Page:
Global stocks rose on Friday but were on track for their longest streak of weekly losses since the 2008 financial crisis, as fears over inflation and an economic slowdown continued to stalk markets.
The FTSE All World index, which is on course for a 3.2 per cent fall this week in its sixth straight week of declines, gained 1.2 per cent.
Wall Street’s benchmark S&P 500 share index, which on Thursday skirted a bear market as it nearly fell to almost a fifth below its January all-time high, opened 1.1 per cent higher on Friday.
The technology-heavy Nasdaq Composite rose 1.9 per cent, remaining 4.6 per cent lower for the week and 26 per cent lower for the year so far.
Some investors characterised Friday’s gains as a bear market rally, referring to short periods of optimism within a longer trend of declines.
“Obviously there’s been a lot of difficult weeks and you get these sessions where the market tries to bounce back,” said Antoine Lesne, investment strategist at State Street’s SPDR exchange traded fund unit. “But I’m tempted to say we are still in bear market territory.”
Market sentiment had become “so bearishly positioned, wherever you look, that there is a good chance we see a rebound in weeks to come”, said Florian Ielpo, multi-asset portfolio manager at Lombard Odier.
“Will it be sustainable for the rest of the year? We strongly disagree with that,” he added. “There is only one way out of this inflationary period we are currently experiencing, and that is a slowdown in economic activity.”
US Federal Reserve chair Jay Powell warned on Thursday that bringing inflation down to its 2 per cent target may not be achieved without “some pain”. The Fed, whose monetary policy is followed by central banks worldwide, raised its main interest rate by 0.5 percentage points last week and is expected to increase it by the same amount in June, July and September.
Data on Wednesday showed US consumer price inflation rose at an annual pace of 8.3 per cent in April, a decline on the previous month’s rate but still at levels last seen in the early 1980s.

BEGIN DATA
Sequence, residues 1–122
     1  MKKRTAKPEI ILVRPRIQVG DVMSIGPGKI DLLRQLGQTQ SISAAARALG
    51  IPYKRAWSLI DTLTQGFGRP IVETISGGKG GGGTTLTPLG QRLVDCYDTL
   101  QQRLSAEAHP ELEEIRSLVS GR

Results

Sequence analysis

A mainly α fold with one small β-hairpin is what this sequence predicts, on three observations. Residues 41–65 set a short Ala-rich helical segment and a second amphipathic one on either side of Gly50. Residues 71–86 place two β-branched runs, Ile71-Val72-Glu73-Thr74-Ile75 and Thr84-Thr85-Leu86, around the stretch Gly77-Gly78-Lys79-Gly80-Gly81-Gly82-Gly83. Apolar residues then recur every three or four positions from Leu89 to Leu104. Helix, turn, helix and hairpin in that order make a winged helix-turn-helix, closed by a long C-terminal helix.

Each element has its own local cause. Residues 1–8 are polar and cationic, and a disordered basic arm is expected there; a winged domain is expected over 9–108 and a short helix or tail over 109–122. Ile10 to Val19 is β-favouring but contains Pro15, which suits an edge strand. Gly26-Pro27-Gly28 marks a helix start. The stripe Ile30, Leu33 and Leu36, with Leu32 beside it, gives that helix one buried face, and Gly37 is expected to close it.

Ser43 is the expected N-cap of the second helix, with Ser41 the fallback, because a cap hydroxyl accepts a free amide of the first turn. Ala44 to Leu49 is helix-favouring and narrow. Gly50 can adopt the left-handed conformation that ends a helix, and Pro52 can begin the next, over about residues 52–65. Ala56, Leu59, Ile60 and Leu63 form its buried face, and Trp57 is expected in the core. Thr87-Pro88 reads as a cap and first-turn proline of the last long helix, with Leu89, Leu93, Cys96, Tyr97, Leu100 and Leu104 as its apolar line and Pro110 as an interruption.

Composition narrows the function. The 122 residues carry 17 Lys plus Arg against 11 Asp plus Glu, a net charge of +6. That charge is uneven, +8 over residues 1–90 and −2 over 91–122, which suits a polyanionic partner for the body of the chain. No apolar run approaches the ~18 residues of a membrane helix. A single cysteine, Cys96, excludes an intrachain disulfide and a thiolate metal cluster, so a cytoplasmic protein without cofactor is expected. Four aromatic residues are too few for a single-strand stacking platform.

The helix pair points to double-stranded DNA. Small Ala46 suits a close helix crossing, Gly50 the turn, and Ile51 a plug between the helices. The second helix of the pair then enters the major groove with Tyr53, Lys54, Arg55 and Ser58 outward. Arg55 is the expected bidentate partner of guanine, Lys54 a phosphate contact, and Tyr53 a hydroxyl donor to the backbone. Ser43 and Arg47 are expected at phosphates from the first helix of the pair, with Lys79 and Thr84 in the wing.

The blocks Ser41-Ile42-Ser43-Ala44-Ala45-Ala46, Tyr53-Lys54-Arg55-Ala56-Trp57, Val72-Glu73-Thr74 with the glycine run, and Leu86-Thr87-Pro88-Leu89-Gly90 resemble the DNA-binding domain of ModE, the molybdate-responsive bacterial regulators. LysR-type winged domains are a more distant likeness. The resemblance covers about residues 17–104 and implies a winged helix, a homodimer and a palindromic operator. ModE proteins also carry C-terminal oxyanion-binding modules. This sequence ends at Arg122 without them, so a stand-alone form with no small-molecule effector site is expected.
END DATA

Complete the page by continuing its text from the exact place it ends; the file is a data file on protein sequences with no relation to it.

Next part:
A short-term rally in US government bonds also reversed on Friday as haven buying, driven by recession fears, reverted to traders calculating the effect of sustained inflation on fixed interest-paying securities.
The yield on the 10-year Treasury note, which moves inversely to the price of the benchmark debt security, rose 0.09 percentage points to 2.91 per cent.
US Treasuries, the world’s most important debt market, have been volatile in recent weeks as investors stayed on the sidelines and dealers found it harder to match sellers with buyers.
“All measures suggest liquidity in Treasuries markets is very constrained,” said Paul O’Connor, head of the UK-based multi-asset team at Janus Henderson. “That reflects shifts in investor psychology between rising inflation to slowing growth,” he added, “with many now questioning whether the level of rate rises that have been priced in are excessive”.
In Europe, the regional Stoxx 600 index added 1.4 per cent. Asian markets also rallied earlier in the day, with Hong Kong’s Hang Seng index gaining 2.7 per cent and Japan’s Nikkei 225 closing 2.6 per cent higher.
The dollar index, which measures the greenback against six major currencies, traded flat at around a 20-year high. Brent crude rose 2.5 per cent to $110.1 a barrel.